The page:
U.S. policy toward the Maghreb countries is presently driven above all by security concerns. Although three of the four countries—Morocco, Tunisia, and Libya—have experienced considerable political change since 2011 and Algeria is on the verge of a succession crisis with potentially significant consequences, the United States is not deeply involved in these transitions. Exhausted and disappointed by failed nation-building efforts in Iraq and Afghanistan, the United States seems to be moving toward the opposite extreme, neglecting political transformations to focus on security. Unless the countries restore or maintain political stability, however, counterterrorism efforts cannot succeed
China was exporting nuclear materials to Third World countries without safeguards beginning in the early 1980s, and may have given Pakistan weapons design information in the early years of its clandestine program, according to recently declassified CIA records.
On June 20, 2012, the Wilson Center’s Middle East Program hosted a meeting on “The Arab Awakening: Is Democracy a Mirage?” This publication brings together the talks presented at the meeting.
In the Bush era, Iran and North Korea were branded “rogue” states; the Obama administration has chosen instead to call the countries nuclear “outliers” and has proposed means other than regime change to bring them back into the fold. Outlier States explores this significant policy adjustment and raises questions about its feasibility and its possible consequences.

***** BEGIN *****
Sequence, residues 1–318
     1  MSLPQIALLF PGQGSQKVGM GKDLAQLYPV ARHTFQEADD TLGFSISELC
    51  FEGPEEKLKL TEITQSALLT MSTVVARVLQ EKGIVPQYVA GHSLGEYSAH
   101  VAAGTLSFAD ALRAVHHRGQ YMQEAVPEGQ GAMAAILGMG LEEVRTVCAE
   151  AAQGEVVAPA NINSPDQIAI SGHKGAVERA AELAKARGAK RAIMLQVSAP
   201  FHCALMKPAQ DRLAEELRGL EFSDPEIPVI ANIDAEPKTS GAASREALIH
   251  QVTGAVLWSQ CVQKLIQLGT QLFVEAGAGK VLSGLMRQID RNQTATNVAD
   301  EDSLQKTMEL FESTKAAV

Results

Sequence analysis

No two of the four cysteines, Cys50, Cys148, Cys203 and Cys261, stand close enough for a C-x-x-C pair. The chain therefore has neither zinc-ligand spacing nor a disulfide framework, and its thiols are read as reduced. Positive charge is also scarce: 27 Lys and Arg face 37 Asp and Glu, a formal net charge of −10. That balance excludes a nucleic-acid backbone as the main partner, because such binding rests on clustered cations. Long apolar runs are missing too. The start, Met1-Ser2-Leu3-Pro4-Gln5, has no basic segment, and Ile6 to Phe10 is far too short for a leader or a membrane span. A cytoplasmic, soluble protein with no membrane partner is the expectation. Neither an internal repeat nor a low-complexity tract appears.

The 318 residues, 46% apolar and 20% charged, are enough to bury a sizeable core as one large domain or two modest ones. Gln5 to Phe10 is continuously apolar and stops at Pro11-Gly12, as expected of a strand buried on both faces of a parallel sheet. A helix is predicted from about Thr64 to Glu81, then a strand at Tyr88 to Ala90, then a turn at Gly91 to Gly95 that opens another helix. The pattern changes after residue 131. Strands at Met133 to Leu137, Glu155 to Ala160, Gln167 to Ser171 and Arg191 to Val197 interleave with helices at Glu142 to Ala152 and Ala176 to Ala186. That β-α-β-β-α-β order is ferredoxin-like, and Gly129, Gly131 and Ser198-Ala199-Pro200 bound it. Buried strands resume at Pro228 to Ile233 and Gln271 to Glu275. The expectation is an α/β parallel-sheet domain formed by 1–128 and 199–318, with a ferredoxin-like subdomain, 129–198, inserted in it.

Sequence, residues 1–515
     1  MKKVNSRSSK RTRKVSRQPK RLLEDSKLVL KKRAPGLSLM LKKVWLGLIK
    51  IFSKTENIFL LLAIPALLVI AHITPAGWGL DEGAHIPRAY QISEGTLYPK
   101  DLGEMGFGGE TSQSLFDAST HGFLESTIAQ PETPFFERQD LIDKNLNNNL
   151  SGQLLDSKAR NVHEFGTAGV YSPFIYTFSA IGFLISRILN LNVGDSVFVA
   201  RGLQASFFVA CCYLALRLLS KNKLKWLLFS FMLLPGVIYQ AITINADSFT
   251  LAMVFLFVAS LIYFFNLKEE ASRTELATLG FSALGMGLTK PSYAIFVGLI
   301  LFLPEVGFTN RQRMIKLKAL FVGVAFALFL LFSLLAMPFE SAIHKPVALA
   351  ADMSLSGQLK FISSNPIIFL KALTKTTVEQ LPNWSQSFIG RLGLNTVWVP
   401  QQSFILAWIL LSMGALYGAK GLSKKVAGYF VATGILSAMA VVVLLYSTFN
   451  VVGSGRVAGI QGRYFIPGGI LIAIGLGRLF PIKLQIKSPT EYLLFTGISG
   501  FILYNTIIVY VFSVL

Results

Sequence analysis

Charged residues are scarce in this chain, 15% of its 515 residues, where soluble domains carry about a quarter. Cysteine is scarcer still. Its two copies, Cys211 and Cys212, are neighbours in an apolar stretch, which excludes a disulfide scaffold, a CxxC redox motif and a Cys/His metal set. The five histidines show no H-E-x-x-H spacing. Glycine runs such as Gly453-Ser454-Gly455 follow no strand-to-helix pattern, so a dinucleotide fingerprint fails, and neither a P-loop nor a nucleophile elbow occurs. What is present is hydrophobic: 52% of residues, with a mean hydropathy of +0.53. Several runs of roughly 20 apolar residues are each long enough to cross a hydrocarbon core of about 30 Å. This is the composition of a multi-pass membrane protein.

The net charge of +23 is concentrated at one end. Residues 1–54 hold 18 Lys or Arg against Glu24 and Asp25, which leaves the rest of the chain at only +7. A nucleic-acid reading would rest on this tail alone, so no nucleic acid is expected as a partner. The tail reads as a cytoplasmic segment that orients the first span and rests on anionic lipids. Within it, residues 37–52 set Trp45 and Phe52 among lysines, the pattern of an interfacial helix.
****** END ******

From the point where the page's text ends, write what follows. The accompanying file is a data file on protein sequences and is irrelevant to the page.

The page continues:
The Islamists Are Coming is the first book to survey the rise of Islamist groups in the wake of the Arab Spring. Often lumped together, the more than 50 Islamist parties with millions of followers now constitute a whole new spectrum—separate from either militants or secular parties. They will shape the new order in the world’s most volatile region more than any other political bloc. Yet they have diverse goals and different constituencies. Sometimes they are even rivals.
When Hillary Clinton was told June 22 that House Republicans were scheduling two votes on Libya later that week, she reportedly asked, “Whose side are they on?” If that sounds reminiscent of a president telling other nations, “You’re either with us or against us,” welcome to the world of war rhetoric.
Regime Change examines the contrasting precedents set with Iraq and Libya and analyzes the pressing crises with North Korea and Iran. This compelling book clarifies and critiques the terms in which today’s vital foreign policy and security debate is being conducted.